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I've tried to prove the theorem in advance at the level that satisfies me. The notation used might not be correct, but I hope all major steps are correct.

DEFINITION (from Apostol's Calculus I):

Let $f$ be a function that is integrable on $[a,x]$, for each $x$ in $[a,b]$. Let $c$ be such that $a \le c \le b$ and define a new function $A$ as follows: $$A(x) = \int_c^xf(t)dt, a \le x \le b$$ Then the derivative $A'(x)$ exists at each point $x$ in the open interval $(a,b)$ where $f$ is continuous, and for such $x$ we have $$A'(x) = f(x).$$

PROOF:

I will show that the theorem is a consequence of the property of continuity of the function at some point.

First we make some derivations. For simplicity lets assume that $h$ is positive. The proof for negative $h$ is no harder.

$$A'(x) = \lim_{h\to0} \frac{A(x+h) - A(x)}{h} = \lim_{h\to0}\frac{\int_c^{x+h}f(t)dt - \int_c^{x}f(t)dt}{h} = \lim_{h\to0}\frac{\int_x^{x+h}f(t)dt}{h}$$

Since $f$ is continuous at $x$, for any number $\epsilon$ there is some $\delta$, such that when $t \in [x-\delta, x+\delta]$,

$$f(x) - \epsilon \le f(t) \le f(x) + \epsilon$$

Then for any $h < \delta$,

$$\int_x^{x+h} [f(x) - \epsilon]dt \le \int_x^{x+h} f(t)dt \le \int_x^{x+h} [f(x) + \epsilon]dt$$

$$[f(x) - \epsilon]h \le \int_x^{x+h} f(t)dt \le [f(x) + \epsilon]h$$

$$f(x) - \epsilon \le \frac {\int_x^{x+h} f(t)dt}{h} \le f(x) + \epsilon$$

I can make $\epsilon$ as small as possible, hence

$$\lim_{h\to0}\frac{\int_x^{x+h}f(t)dt}{h} = A'(x) = f(x)$$

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    $\begingroup$ Looks good to me. $\endgroup$ – Marcin Łoś Feb 24 '14 at 8:20
  • $\begingroup$ Isn't this same as the proof in Apostol?. $\endgroup$ – jdoicj May 14 '14 at 6:30
  • $\begingroup$ @boywholived: It was very close as I remember, but I wrote it before reading the one in the book. $\endgroup$ – Graduate May 14 '14 at 6:32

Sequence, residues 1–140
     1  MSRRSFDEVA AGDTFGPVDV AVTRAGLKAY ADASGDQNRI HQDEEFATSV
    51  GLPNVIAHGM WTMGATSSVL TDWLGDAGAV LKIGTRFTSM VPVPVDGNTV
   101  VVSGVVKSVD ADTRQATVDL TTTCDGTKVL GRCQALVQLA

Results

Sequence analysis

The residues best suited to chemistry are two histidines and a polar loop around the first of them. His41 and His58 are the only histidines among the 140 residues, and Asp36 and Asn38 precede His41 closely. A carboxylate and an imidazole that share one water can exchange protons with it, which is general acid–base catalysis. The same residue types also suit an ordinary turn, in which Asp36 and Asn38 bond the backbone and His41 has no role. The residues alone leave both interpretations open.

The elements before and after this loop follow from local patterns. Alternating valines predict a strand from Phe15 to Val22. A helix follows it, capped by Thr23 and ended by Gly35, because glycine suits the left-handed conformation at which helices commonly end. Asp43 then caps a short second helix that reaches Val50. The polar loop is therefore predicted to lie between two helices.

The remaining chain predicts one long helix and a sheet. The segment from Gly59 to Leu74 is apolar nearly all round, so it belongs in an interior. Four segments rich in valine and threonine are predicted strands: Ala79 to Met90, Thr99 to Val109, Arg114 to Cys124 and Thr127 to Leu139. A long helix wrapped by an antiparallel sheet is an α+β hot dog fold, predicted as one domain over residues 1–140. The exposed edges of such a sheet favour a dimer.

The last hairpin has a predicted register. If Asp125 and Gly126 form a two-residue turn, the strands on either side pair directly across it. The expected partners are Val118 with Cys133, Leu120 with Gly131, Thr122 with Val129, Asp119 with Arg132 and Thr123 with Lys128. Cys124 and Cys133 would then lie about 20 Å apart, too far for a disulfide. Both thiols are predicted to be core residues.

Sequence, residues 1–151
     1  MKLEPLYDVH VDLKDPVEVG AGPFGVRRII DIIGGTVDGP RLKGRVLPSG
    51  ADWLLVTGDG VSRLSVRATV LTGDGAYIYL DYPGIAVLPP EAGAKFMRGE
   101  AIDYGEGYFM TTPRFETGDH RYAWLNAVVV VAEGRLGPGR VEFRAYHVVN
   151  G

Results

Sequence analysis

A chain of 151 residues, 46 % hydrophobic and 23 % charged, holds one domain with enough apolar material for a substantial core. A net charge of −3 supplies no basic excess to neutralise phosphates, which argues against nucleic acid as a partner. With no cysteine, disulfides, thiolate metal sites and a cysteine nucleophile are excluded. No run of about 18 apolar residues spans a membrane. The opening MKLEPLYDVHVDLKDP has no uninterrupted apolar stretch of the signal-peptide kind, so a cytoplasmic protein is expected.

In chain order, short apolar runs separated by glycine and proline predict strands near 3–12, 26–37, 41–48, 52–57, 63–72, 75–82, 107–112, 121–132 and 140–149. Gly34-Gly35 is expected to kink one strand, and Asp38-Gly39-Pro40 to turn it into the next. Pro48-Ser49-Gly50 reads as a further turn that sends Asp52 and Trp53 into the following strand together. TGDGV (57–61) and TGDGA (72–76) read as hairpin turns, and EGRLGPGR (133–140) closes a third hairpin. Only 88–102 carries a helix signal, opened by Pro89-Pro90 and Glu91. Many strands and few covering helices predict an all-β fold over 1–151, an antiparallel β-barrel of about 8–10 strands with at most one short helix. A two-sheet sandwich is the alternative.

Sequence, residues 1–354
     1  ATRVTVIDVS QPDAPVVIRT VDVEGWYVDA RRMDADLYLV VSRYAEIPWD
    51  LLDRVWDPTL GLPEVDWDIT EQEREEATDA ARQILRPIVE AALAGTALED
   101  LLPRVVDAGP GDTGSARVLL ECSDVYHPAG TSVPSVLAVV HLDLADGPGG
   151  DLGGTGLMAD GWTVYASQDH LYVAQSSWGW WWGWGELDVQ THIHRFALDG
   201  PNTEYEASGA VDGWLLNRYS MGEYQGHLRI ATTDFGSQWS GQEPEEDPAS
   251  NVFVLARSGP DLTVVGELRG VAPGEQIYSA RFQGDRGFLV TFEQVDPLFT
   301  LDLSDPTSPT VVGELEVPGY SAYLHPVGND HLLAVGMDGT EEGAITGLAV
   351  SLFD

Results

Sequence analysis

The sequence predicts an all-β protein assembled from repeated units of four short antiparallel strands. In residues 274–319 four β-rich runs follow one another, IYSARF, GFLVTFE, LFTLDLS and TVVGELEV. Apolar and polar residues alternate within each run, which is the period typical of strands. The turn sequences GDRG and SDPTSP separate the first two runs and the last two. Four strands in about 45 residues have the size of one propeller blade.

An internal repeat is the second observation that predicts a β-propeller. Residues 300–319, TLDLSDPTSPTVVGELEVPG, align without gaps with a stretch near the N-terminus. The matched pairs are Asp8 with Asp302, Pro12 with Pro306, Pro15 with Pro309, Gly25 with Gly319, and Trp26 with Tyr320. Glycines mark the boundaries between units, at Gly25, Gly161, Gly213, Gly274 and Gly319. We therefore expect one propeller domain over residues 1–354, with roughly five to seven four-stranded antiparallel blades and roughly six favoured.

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    $\begingroup$ Notice that you are both trying to show that the limit defining $A'(x)$ exists and to determine its value. In particular, since you do not know that it does exist until the very last line of your proof, you should avoid doing manipulations with that limit until the very end —in general, you can only manipulate things that exist! $\endgroup$ – Mariano Suárez-Álvarez May 19 '14 at 4:47
  • $\begingroup$ In a smiliar vein, it is much better than «Since $f$ is continuous at $x$, for any number $\epsilon$ there is some $\delta$, such that [...]» to write somethign along the lines of «Let $\epsilon$ be a positive number. Since $f$ is continuous, there exists a $\delta>0$ such that [...]» and so on. Fixing $\epsilon$ allows you to avoid saying things like «since I can make $\epsilon$ as small as possible», which do not make any sense: a number cannot be made smaller than it is (you wrote «as small as possible» but you probably meeant «as small as we may wish» or some other such turn) $\endgroup$ – Mariano Suárez-Álvarez May 19 '14 at 4:49
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The proof you have shown is correct.

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